The first time I ever heard of a bicycle power meter was in the fall of 1993. There was a magazine article (by Samuel Abt in Velonews, I believe) about Greg LeMond having recently hired a Dutch physiologist, Arie van Diemen, to coach him in his preparation for the 1994 Tour de France. He had DNF’ed the 1992 Tour and didn’t even start in 1993. In the article LeMond mentioned that he would begin training with a power meter. That was the first time I had ever heard of such a device even though it had been invented 6 years earlier. And since the article didn’t go into detail on what this thing was all about I was left in the dark. Of course, there was no Google to search for such things back then. So for the next year, whenever a new monthly cycling magazine came out, I would eagerly read it to see if there was any more on LeMond and his power meter. There seldom was, but occasionally I would learn just a bit more. Over the next two years I managed to figure out some of the basics of what a power meter did.
In 1995 I decided to write my first book – The Cyclist’s Training Bible. I felt it was important to include something on training with power. I managed to borrow a power meter for three months to find out firsthand how it worked. I recall realizing that it wasn’t telling me the same thing as my heart rate monitor, which by then I had been using for 12 years. For starters, power was much more precise and sensitive to changes in intensity. More importantly I could tell it was giving me performance-related data rather than effort data as with heart rate. At the time this didn’t seem like a big deal. It wasn’t until nearly a decade later that I realized how significant this was for training (see more here). I didn’t really learn too much in those three months; just enough to write a page or so in the book.
After three months I returned the loaner. It would be three more years until I had a power meter of my own and could begin figuring out what it was telling me. This was quite basic at first. After a couple of years using that power meter, in 2001 I wrote a 32-page booklet called Training with Power. About the same time I decided that power was so important to training and performance that I started requiring that all of my clients to have a power meter along with a heart rate monitor. That meant I was seeing power data from a dozen or so riders every day. My understanding of the relationship of power to training and performance began to grow rapidly.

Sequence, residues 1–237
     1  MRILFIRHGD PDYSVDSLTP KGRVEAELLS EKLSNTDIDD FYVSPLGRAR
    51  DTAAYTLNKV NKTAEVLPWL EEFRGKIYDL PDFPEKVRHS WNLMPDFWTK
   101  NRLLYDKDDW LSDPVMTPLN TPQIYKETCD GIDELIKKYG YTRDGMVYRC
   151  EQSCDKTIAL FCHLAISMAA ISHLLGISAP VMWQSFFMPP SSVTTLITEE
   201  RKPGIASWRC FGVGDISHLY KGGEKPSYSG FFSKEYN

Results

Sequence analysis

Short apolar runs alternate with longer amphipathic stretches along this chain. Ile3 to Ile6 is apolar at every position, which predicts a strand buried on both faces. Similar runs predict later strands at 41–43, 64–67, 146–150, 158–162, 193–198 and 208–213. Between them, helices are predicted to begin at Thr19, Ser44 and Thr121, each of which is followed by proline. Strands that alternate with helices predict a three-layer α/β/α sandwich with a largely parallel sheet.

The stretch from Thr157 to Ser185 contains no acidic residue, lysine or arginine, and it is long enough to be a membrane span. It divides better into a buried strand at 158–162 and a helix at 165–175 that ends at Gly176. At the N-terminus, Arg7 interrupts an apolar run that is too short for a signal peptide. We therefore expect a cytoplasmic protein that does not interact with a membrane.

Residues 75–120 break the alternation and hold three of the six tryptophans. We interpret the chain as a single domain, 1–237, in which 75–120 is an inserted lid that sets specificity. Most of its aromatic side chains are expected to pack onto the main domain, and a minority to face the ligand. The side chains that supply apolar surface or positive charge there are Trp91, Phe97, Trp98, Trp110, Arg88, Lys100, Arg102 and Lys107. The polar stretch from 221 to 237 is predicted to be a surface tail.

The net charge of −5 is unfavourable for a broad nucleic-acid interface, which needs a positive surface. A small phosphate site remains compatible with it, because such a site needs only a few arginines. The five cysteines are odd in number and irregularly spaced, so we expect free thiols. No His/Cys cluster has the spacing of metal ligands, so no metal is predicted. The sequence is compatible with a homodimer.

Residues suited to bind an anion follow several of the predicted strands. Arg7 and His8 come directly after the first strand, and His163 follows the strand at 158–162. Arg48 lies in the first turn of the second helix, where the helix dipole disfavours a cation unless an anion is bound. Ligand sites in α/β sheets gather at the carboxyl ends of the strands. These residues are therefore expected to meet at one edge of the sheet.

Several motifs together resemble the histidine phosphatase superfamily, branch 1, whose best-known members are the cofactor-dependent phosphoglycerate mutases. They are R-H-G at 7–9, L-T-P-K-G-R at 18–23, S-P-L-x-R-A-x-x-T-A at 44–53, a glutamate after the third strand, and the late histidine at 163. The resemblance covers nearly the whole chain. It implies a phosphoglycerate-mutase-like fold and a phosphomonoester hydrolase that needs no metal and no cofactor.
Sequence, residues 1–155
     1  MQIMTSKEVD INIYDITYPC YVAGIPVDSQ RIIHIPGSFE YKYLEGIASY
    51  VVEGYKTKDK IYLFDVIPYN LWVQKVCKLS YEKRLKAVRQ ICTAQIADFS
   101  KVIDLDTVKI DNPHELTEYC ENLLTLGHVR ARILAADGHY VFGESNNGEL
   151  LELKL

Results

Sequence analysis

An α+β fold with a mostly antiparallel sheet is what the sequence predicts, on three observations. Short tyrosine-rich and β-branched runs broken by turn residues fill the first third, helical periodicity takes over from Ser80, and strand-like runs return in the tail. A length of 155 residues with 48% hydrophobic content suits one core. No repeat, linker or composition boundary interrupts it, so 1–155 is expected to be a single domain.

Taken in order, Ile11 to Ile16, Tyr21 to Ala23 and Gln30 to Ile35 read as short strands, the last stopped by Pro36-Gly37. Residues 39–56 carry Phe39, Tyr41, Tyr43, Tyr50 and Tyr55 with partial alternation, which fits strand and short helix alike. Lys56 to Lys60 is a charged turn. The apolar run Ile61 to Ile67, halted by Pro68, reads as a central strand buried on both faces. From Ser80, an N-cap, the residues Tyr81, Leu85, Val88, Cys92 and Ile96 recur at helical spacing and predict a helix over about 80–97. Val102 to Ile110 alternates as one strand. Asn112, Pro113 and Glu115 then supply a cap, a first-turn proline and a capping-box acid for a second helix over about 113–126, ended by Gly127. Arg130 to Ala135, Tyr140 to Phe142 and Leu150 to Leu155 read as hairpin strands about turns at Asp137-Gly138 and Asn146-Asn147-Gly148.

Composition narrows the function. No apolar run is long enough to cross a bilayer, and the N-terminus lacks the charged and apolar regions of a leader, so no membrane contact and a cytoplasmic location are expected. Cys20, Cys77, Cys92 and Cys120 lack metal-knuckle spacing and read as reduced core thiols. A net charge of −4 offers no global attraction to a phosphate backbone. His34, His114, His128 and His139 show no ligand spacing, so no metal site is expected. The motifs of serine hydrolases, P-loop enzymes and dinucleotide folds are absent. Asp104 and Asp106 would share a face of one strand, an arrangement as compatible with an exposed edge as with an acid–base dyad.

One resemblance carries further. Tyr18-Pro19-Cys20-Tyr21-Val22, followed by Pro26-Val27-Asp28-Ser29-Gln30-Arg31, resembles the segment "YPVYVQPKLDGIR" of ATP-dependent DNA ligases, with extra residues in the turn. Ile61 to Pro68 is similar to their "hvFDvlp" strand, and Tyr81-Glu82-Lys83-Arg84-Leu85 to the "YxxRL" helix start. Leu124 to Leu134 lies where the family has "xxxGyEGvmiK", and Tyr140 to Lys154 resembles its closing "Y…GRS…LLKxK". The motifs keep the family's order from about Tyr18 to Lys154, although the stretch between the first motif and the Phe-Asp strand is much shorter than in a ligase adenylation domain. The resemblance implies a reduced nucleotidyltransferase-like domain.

I have now been using a power meter for 21 years and I’m still learning how to use it. I wrote a somewhat basic book on how to get started using power for cycling a few years ago – The Power Meter Handbook. But the most in-depth book on the market on the subject is Training and Racing with a Power Meter by Andrew Coggan PhD, Hunter Allen, and Stephen MacGregor PhD.
It’s been 24 years since I used that loaner power meter and wrote a page on power-based training in my first book. What we know about how to analyze and apply the data has grown exponentially. It can be somewhat overwhelming. A coach or serious rider can spend more time crunching numbers post-workout than the duration of the ride. There’s so much that it’s critical for the coach or rider to determine what few metrics are most important and then to focus only on those. And now, of course, we also have power meters for running, rowing, and other sports. We’re tempted to think that the power meter is the high-water mark for measuring intensity in training. And currently it appears to be. But I can recall thinking that about the heart rate monitor back in the 1980s. I guarantee you that there will be another intensity-measuring-device breakthrough in the not too distant future. Society is in an age of great change due to technology. That is certainly the case with endurance sport training. Stay tuned.
My next blog will be a continuation of this topic in which I will describe the current power meter I’m using and why I like it, both for price and for ease of use.